Careplan Choice:

Connecticut only has six insurance carriers in the market today. About 66 percent of our residents’ health coverage  comes from self-insured plans usually through their employers and the remainder are fully insured plans purchased through the exchange. Part of the reason insurance costs are high are due to our high taxes on medical providers and hospitals that push costs up, low medicaid reimbursements that shift the burden to private coverage, insurance mandates, and general trends and high utilization rates.

There need to be more carriers in the insurance market. I will appoint a well-respected regulator as insurance commissioner who understands the insurance market and its complexities: residents deserve a subject matter expert on these issues.

I will task the commissioner with exploring the benefits of a 1332 waiver and encourage the use of value-based insurance designs that allow insurers to mitigate risks and reduce premiums  

Connecticut also needs a true mandate review process that looks at the effects of the mandates and comes back to the legislature with a full impact review/statements. Mandates have unintended consequences.


Drug Prices

My administration will work with the federal government to combat high drug prices in the state of Connecticut. High drug prices and a system that rewards list price increases, are burdening our residents. Senior citizens pay more in Medicare Part B and Part D because laws prevent health plans and vendors from engaging in tough negotiations.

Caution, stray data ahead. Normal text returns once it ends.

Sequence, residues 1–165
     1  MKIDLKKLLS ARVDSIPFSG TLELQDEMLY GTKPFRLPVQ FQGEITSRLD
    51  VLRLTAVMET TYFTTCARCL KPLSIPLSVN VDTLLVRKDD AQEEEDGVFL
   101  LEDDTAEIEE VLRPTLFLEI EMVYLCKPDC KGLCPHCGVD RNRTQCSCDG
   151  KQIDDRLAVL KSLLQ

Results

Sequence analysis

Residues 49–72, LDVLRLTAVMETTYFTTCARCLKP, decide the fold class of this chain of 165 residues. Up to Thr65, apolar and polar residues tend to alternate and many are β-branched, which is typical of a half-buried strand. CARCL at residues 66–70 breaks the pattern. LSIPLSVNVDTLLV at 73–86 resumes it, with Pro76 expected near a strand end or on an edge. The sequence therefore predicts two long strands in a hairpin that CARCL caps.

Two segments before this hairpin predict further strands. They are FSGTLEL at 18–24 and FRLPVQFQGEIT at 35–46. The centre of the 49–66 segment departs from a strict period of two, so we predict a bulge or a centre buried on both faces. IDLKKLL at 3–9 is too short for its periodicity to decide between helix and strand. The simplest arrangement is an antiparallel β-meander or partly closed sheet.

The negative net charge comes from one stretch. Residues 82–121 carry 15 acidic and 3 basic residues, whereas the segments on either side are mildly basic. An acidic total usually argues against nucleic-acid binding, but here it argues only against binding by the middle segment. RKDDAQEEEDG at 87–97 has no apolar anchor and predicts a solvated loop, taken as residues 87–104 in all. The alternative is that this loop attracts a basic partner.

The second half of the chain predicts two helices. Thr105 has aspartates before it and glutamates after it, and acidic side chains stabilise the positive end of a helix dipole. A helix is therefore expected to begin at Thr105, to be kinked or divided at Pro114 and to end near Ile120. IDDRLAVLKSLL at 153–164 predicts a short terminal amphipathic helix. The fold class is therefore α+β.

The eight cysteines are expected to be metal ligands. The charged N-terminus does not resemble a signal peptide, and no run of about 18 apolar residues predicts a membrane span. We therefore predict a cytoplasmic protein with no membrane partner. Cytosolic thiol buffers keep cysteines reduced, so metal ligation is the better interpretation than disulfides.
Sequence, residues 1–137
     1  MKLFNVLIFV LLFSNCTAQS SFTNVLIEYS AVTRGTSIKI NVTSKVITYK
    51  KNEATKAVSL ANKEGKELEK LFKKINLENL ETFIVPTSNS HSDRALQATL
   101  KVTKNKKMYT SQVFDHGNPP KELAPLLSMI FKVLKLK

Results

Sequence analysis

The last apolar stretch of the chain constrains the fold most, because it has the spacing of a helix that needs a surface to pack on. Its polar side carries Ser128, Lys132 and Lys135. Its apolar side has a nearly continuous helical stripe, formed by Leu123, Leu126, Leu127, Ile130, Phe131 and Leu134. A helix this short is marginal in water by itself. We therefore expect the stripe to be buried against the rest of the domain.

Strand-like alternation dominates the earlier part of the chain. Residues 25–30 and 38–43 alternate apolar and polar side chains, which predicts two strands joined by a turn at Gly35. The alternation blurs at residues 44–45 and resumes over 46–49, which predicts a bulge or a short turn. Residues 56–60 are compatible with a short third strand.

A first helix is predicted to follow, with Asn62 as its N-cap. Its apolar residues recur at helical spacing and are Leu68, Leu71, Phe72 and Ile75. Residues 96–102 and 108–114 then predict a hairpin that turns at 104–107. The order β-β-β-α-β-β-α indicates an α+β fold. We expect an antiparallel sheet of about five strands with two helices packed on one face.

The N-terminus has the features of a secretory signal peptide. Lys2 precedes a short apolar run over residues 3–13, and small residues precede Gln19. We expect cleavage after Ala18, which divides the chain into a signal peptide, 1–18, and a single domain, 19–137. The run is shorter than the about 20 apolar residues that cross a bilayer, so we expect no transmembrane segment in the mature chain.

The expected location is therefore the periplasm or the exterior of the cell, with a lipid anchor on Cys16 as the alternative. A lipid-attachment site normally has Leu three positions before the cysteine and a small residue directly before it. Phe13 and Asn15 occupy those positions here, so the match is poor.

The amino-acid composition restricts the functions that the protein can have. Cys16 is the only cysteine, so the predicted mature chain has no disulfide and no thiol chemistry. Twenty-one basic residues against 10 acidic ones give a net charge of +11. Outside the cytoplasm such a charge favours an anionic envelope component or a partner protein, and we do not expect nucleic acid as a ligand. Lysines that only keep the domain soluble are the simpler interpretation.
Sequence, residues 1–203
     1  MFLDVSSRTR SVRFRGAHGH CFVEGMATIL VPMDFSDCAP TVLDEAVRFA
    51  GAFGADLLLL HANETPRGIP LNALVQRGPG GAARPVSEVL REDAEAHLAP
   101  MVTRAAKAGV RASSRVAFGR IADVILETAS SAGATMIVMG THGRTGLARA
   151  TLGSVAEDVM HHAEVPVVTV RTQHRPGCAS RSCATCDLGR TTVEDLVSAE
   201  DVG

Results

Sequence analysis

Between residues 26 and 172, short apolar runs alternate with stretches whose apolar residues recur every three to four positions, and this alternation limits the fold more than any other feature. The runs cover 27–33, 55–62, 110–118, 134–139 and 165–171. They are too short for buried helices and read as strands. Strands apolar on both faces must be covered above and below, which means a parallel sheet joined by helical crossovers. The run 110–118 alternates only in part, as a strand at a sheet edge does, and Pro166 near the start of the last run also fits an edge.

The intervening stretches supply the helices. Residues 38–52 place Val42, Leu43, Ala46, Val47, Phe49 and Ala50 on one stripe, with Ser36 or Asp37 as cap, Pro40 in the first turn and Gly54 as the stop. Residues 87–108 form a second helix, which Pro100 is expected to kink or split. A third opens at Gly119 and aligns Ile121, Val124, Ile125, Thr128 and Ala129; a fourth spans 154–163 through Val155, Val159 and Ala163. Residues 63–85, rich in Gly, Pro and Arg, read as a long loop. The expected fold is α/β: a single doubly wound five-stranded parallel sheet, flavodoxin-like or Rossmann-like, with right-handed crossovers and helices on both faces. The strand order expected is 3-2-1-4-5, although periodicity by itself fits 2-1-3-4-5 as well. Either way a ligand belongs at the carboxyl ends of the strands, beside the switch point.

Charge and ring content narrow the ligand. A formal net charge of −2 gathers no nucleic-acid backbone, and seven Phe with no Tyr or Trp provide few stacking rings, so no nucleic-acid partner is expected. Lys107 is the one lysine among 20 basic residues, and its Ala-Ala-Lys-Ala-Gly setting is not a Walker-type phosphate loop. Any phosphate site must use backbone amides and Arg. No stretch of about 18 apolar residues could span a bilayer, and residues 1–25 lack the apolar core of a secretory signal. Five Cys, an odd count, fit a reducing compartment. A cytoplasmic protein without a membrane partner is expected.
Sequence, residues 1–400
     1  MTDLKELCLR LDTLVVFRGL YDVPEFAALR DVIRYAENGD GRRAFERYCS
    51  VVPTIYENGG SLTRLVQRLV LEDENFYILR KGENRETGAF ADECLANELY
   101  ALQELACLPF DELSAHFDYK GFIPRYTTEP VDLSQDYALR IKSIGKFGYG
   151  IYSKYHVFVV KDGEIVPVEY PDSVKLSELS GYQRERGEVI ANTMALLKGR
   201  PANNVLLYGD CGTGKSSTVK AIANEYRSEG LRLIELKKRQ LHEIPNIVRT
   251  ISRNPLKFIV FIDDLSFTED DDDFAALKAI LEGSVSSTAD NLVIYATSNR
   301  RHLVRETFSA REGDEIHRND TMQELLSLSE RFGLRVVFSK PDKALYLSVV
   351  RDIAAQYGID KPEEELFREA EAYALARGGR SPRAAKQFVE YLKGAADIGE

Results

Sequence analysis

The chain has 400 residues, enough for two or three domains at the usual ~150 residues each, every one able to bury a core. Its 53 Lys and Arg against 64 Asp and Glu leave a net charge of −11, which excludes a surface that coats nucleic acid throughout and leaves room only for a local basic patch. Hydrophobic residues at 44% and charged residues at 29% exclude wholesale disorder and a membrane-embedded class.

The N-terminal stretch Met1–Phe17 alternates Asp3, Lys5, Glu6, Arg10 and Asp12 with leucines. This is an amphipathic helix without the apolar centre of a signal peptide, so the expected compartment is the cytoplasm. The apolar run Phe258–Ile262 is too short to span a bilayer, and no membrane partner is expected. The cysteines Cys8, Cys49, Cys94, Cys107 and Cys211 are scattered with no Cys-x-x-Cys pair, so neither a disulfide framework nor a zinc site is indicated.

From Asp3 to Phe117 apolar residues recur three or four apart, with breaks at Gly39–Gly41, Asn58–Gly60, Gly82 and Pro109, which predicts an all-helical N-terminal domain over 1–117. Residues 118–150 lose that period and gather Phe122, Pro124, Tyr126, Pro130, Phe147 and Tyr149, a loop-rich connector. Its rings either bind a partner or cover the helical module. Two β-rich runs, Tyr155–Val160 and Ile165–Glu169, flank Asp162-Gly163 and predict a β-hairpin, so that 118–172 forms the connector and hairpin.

Tackling Future Issues

It is important the government is forward thinking in its approach to healthcare. CT has an aging population and one issue that has not been discussed much but will be a major cost to the state is Alzheimer’s. It is estimated that the number of people over the age of 65 affected by Alzheimer’s  will increase 21.3% by 2025 to about 91,000[16]. That may increase Medicaid costs by as much as 30.8%. Alzheimer’s has a devastating effect on families and caregivers who go towards extraordinary efforts to provide care for those suffering from the disease. It is vital that we partner with the medical community, private providers, and the Department of Social Services to properly plan for the proper care needed to address this issue.




Public Safety

One of the key functions of government is to ensure the safety and peace of its residents.


Law Enforcement: Protecting those that protect us

In the course of their jobs, law enforcement officers often respond to scenes that can be mentally traumatizing. However, many officers fear seeking mental health services because they fear that they will be unable to return back to their job. Our law enforcement should not be subjected to this kind of fear and should be able to seek mental health services  knowing that their jobs are protected.


Protecting our Citizens: Eliminate the Early-Release Program

One of Governor Malloy’s failed policies includes the early-release program that reduces the time offenders serve in jail. This program even allows violent offenders to get months shaved off their sentence. There are countless articles about offenders who were released under this program only to commit more heinous crimes. It’s time violent offenders serve their full sentence.


Fix the Backlog on Background Checks